Doing more work than normal

Ben was able to show that stronger players have a potentiation effect (jump performance) the day following a match/session where you have to do more work than normal.

Fit players sleep better

Players who score more than 20.5 on a 30-15 test ease to sleep better.  Equally unfit players who also have to do a high training load are going to experience significantly larger amount of fatigue.

Tournament Durability

Essentially this part of the talk can be summarised as ‘Training tougher than a Match.’  Ben highlighted that in a week where he wanted the team to get after it (in a previous training camp) he used GPS to record workrate and specific percentage of time in high speed running zones (>5 m/s).  He found that only 8% was above match intensity in the training.

He spoke to the coaches about needing to get them to be training at higher loads than in a match during this period and they constructed a few drills to specifically address this such as a 4 vs 4 game in a 60 x 40 Yd. pitch where the ball could only be played forward.  This encouraged a lot of movement ahead of the ball to keep possession.

Game Impact

Ben asked two questions:

  • What matters most?
  • What’s easiest to change?

He said he spoke to the Head coach and his summary of the hockey strategy was they need to jump back harder and get ahead of the ball harder!! Basically they needed to be faster at retreating when they lost possession of the ball (GET BACK) and faster at advancing ahead of it when they gained possession (GET THERE), and do it for the entire match (LAST THE GAME).

Planned vs. Programme Change of Direction

GB Hockey prided themselves on being the fittest team in world hockey but one of the things Ben found was that players were very slow to redirect their changes of direction when they needed to respond to an opponent/change of possession etc.  He said they were all very good at doing high speed shuttle drills but this was a closed drill with an anticipatory change of direction.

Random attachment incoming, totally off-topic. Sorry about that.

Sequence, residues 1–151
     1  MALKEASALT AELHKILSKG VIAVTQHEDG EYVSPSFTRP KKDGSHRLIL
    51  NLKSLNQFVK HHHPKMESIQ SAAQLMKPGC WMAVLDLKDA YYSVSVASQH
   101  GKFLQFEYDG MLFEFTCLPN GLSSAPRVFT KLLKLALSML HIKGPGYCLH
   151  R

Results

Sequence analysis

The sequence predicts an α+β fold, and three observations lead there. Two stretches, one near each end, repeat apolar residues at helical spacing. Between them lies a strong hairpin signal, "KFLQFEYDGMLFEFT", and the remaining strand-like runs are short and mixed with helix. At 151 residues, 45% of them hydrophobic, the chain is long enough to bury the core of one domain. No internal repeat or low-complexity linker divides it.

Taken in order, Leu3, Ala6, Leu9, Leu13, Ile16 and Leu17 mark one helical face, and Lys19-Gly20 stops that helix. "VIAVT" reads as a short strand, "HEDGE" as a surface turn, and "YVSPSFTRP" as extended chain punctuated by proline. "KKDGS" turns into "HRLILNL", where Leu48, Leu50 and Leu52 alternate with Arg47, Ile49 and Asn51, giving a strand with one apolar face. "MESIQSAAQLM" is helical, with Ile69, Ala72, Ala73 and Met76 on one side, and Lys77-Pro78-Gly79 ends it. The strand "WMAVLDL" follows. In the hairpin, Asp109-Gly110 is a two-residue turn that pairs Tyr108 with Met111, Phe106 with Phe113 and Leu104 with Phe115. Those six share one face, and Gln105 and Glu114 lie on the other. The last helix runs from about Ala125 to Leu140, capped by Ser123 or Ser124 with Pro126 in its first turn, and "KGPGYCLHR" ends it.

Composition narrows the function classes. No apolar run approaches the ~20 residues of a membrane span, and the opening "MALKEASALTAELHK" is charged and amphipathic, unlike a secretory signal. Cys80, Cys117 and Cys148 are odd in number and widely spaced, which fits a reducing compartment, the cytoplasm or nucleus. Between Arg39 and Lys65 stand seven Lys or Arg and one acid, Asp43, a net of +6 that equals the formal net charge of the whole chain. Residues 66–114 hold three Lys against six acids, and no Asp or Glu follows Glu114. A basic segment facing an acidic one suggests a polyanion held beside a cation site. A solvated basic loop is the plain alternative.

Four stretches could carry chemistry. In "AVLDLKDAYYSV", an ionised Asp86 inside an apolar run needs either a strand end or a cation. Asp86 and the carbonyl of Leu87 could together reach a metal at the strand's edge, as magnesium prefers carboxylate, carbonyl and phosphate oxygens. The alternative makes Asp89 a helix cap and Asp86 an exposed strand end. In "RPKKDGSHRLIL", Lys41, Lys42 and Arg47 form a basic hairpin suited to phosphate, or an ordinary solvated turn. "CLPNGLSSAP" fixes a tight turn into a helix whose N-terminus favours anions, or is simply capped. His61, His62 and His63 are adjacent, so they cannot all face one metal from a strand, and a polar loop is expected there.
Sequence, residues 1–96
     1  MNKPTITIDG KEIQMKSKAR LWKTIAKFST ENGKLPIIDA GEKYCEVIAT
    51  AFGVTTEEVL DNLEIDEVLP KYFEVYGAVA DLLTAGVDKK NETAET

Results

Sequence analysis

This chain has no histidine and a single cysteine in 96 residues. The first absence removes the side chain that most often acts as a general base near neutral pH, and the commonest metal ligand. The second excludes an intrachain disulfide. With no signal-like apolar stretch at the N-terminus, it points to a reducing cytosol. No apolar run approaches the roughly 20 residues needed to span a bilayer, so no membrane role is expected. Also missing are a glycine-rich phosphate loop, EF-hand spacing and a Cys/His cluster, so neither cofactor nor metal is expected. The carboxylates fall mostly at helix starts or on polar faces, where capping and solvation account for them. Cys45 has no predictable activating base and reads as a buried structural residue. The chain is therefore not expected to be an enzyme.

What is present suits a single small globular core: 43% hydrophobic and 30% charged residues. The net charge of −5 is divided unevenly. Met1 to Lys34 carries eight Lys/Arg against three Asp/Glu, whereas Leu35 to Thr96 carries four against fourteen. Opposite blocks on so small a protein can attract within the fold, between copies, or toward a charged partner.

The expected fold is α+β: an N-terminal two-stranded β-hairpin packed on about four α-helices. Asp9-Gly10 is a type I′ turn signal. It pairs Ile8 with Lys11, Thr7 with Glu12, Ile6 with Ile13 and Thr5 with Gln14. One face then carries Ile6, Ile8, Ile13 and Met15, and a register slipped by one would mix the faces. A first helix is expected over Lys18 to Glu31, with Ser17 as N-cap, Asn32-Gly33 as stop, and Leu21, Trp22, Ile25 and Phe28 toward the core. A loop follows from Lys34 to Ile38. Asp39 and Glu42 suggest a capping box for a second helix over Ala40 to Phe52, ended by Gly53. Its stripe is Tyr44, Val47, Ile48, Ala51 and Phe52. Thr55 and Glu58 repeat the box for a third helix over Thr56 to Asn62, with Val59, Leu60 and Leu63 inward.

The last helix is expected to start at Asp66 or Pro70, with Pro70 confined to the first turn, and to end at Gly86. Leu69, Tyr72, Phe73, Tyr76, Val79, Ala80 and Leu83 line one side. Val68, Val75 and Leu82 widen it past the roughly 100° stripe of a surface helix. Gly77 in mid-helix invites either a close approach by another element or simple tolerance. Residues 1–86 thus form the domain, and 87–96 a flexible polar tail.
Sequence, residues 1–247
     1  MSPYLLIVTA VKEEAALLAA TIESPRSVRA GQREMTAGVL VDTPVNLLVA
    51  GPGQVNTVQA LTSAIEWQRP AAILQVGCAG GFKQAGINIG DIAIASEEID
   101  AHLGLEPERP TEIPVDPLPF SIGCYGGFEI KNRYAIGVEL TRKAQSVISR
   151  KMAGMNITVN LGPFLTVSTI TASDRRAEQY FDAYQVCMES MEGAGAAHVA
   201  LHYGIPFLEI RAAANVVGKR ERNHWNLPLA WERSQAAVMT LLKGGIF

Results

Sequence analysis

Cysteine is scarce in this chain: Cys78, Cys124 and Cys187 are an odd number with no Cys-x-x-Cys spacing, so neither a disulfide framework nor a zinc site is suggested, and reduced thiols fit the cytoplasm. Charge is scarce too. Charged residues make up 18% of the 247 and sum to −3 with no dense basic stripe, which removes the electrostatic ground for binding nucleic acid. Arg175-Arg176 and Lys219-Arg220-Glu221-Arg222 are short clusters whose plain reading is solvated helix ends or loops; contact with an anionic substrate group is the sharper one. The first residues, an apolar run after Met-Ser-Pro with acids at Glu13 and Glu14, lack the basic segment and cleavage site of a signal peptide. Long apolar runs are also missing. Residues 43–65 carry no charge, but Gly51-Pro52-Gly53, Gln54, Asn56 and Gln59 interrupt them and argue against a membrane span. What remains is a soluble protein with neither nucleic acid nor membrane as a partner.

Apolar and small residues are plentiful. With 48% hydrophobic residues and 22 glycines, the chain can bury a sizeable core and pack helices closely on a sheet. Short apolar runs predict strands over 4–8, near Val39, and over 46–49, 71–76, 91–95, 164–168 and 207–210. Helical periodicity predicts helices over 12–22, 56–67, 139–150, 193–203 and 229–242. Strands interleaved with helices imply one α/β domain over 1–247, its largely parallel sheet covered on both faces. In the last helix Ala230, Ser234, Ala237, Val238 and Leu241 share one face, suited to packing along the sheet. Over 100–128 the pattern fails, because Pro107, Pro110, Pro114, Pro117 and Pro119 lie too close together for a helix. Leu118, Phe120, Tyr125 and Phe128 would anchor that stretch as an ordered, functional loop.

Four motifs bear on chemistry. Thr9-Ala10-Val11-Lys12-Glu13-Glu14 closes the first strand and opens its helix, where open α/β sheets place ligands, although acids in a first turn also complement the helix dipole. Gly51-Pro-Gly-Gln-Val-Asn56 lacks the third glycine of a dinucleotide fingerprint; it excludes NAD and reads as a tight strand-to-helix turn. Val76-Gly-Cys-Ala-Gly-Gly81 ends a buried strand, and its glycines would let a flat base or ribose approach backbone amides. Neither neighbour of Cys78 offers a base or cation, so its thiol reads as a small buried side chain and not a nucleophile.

Biomechanics tells us that the deceleration loads of unplanned directional changes are much higher than planned directional changes.  You spend more energy taking longer to change direction!  So he spent some time on doing more unplanned high speed changes of direction to make more of an impact on game day!

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Physical Conditioning for different game styles

Hey Everyone.  I recently had the privilege to be invited back to speak at the Master Performance Coach Level 5 tennis coach qualification, at the National Tennis.

I was asked to speak about how to physically prepare for different game styles.  I had recorded the presentation separately as a webinar so you can hear what I had to say!  Hope you enjoy.

Understanding the Demands of Tennis

It should always be at the forefront of any strength & conditioning coaches mind the question:  What are the ‘physical’ demands of the sport and who are the athletes that are most physically capable of tolerating the demands of the sport?

The likes of Raphael Nadal have spoken out about the stress on the body of the current tournament schedule.  But I am still exacerbated that in 2018 there is still very little data on the ‘mechanical loading’ of elite Tennis.  From personal communication with trainers who work with Top 100 players on the tour, I know that it is possible to pay for the Hawk Eye data- which costs £250 per match.  Hawk eye uses a camera to track player movements and from this you can determine distance covered in the match.

Thankfully there are promising signs that technology advancement in Tennis is catching up with the needs of the coaches.  For years accelerometers and GPS technology have been redundant in Tennis because the discrete movements of tennis players which take place over short distances have been too difficult to accurately detect with GPS units.

From speaking to Matt Little I know that he uses a catapult system with Andy Murray.  From this technology he can calculate player load for each session using the accelerometer and he can use the GPS to measure distance covered and highest speeds reached.  Apparently the GPS can actually work inside- he has used it successfully in bubbles, and the next break through will be being able to get feedback on what percentage of time Andy spends accelerating to and decelerating from particular speeds.

So for me knowing how much load is going through a player across the course of the competitive calendar is the key thing to know first and I hope that the Performance Analysis teams will be able to shed some light on this over the next few years.